Business Development Director Mark Busalacchi fills him in on a prospective new tenant who’s asking how many duplicates of the massive 83,000-sq.- . MRO hangar would t around that apron. Donovan knows the answer off the top of his head. Senior Director of Finance and Administration Marilyn Hively then updates him on the financials. The coffee mug lowers as Donovan looks over the rim, raises an eyebrow and says, “Say that again?” She confirms airport total assets have increased by $44.1 million the past fiscal year, and total operating revenues are up by $1.07 million. He turns to the airport communications director, who assures him it’s already on the PowerPoint presentation. “We all just wanted to see your face when it was confirmed.”
Airport Authority Chairman Jack L. Ryals sticks his head into the meeting to say hello when Donovan tells him, “I just got the numbers confirmed and it’s a good day.” Donovan and Ryals chat about the milestone and its significance to the self- sustaining operation. “We continue to run this airport like a true business,” said Ryals. “It’s important this community understands how remarkable this profit number is and how it was attained without local tax monies.” The dollars will be reinvested back into the airport as required by the FAA.
All in a Day’s Work
Less than an hour later, Donovan and Communications Director Lori Booker are on a conference call with U.S. Senator Marco Rubio’s office, then become engrossed in yet another call related to a large European carrier. “Closest to cruises will always be a selling point,” points out the airline representative. “But your airport’s concierge atmosphere and ease of entry into the country are what will seal this deal.”
While developing the strategy, Donovan’s executive secretary, Tammy Till, steps into the room with an apologetic look on her face. “I’m so sorry, Mr. Donovan, but the city says this can’t wait. Their finance department wants to know immediately, and I’m not exaggerating here, the names of staff who ate the donuts we provided before the air show.”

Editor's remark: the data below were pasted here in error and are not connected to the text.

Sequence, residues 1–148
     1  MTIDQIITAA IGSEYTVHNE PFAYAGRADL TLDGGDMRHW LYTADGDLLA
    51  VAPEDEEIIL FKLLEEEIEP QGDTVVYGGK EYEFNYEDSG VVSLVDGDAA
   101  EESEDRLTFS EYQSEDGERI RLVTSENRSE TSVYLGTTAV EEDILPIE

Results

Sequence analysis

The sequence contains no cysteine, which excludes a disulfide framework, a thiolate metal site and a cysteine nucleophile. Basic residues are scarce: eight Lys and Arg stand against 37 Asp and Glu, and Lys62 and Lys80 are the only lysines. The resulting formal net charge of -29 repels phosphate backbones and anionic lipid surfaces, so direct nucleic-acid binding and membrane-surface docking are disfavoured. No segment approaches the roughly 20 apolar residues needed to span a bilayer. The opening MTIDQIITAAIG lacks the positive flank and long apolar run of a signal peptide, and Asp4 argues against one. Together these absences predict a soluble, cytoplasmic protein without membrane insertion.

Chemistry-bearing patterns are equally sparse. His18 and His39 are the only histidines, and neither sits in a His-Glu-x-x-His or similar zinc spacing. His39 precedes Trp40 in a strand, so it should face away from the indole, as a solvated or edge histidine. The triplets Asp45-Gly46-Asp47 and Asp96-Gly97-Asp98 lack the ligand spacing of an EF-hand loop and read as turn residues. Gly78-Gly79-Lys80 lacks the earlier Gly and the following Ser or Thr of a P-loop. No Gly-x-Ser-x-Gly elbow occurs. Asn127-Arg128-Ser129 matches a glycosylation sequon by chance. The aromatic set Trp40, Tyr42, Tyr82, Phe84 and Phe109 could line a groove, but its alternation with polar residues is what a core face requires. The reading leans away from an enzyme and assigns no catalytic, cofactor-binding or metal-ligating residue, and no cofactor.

For a minute, Donovan looks confused and Booker’s grin was full of mirth. “You can’t make these things up,” she says.
Suddenly, a text message buzzes onto cellphones throughout the floor and a change in atmosphere is immediately detected. Donovan reaches for his binoculars and Booker heads to the elevator. The text reads: Alert two, 9R, GA, 4 SOB. In aviation terms, a general aviation aircraft has a reported emergency on MLB’s largest runway with four “souls on board.” Subsequent communications clarify it’s a minor scrape due to faulty landing gear with no injuries to those on board. Airport Operations Director Cliff Graham continues to update the leadership team with the particulars, and a combined sense of relief is felt. With 1,850 general aviation flights and 160 commercial flights a week, this air field is one of the safest in the country.
Not long after this incident, airport Police Chief Reneé Purden steps into Donovan’s office to go over her department’s report about the recent air show. “Let me know the attendance records as soon as they’re totaled,” he says. “Your force did an amazing job. Four air shows and no major safety incidents. It’s gotta be some kind of record, and you should feel very proud. I know I am.”
He chats with Chief Purden on the way down to her office on the first floor and stops by to check on the $7 million in renovations to the airport’s customs facility. With a 55 percent increase in international passengers, he’s getting the airport ready for the climbing numbers. The new air traffic control tower is next on his list to visit, since the first large outside panel is supposed to be raised any day now.
The baggage area is bustling. A passenger with a 3-year-old child drops his Disney-themed luggage and Donovan gets down on one knee, picks up the suitcase and asks the little boy if he’s going to see Mickey Mouse. He nods and grins, mom smiles, and with hands in his pockets, the long-legged executive director heads out to the air field as a Boeing 777 glides by to have its electronics suite updated by one of MLB’s commercial tenants. All is right with his world, and he gets to do it all over again tomorrow.